Kasich signs Gavarone’s bill updating child support guidelines

Ohio Gov. John Kasich has signed House Bill 366, legislation sponsored by State Rep. Theresa Gavarone, R-Bowling Green, that updates Ohio’s quarter-century-old child support guidelines.

Ohio law stipulates guidelines for courts and child support agencies to use when determining the outcome of child support orders. Matters such as economic tables, parenting time, and health insurance coverage are all outlined in code but have not been updated since 1992. With the support of the Ohio Department of Job and Family Services and several county child support enforcement agencies, the bill aims to modernize and streamline the child support payment process.

The bill includes the following provisions:

  • Updates the economic tables used to calculate child support payments, ensuring that child support orders are appropriate across the various income levels.
  • Modernizes healthcare coverage guidelines through various changes, including aligning parental responsibilities with the Affordable Care Act.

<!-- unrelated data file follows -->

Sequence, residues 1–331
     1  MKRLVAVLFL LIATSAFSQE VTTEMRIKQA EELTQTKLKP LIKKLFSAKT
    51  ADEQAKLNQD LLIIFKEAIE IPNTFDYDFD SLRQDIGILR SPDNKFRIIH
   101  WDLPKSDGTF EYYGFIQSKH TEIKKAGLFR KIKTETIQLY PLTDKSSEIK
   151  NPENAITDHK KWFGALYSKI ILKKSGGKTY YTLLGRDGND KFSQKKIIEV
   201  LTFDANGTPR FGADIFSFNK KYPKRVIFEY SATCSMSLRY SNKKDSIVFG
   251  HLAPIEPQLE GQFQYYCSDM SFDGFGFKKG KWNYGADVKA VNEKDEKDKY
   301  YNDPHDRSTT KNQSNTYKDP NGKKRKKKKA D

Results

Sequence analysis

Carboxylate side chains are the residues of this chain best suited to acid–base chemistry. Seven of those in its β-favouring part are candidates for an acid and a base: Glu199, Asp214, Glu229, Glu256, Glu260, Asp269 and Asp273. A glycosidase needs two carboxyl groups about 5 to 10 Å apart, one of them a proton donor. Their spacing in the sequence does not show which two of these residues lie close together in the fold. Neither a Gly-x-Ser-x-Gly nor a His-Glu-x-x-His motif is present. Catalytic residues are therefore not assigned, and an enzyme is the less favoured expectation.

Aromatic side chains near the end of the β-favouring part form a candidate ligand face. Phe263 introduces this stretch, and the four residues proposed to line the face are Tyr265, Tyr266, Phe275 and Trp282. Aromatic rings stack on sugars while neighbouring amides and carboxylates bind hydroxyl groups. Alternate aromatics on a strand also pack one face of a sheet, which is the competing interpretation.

• Creates a standard deduction for child support payments when a parent has multiple orders, with the goal of equalizing orders and treating all children the same.
  • Caps the allowable credit for shared childcare expenses at the statewide average.
  • Implements a parenting time adjustment to standard child support orders to take into account the amount of time a non-custodial parent spends with their child.

“After working with Senator Beagle, Amy Roehrenbeck, CSEA directors, like Wood County’s Frank McLaughlin, and so many others, we finally updated Ohio’s 26-year-old child support laws,” Gavarone said.  “Not only will this bill help families receive more reliable and consistent payments, but provisions in the bill ensure that we’ll be able to update these guidelines again before the year 2044.”

House Bill 366 passed the Ohio House in March with bipartisan support. The bill passed through the Senate with minor, technical amendments, and then was concurred upon by the House earlier this month.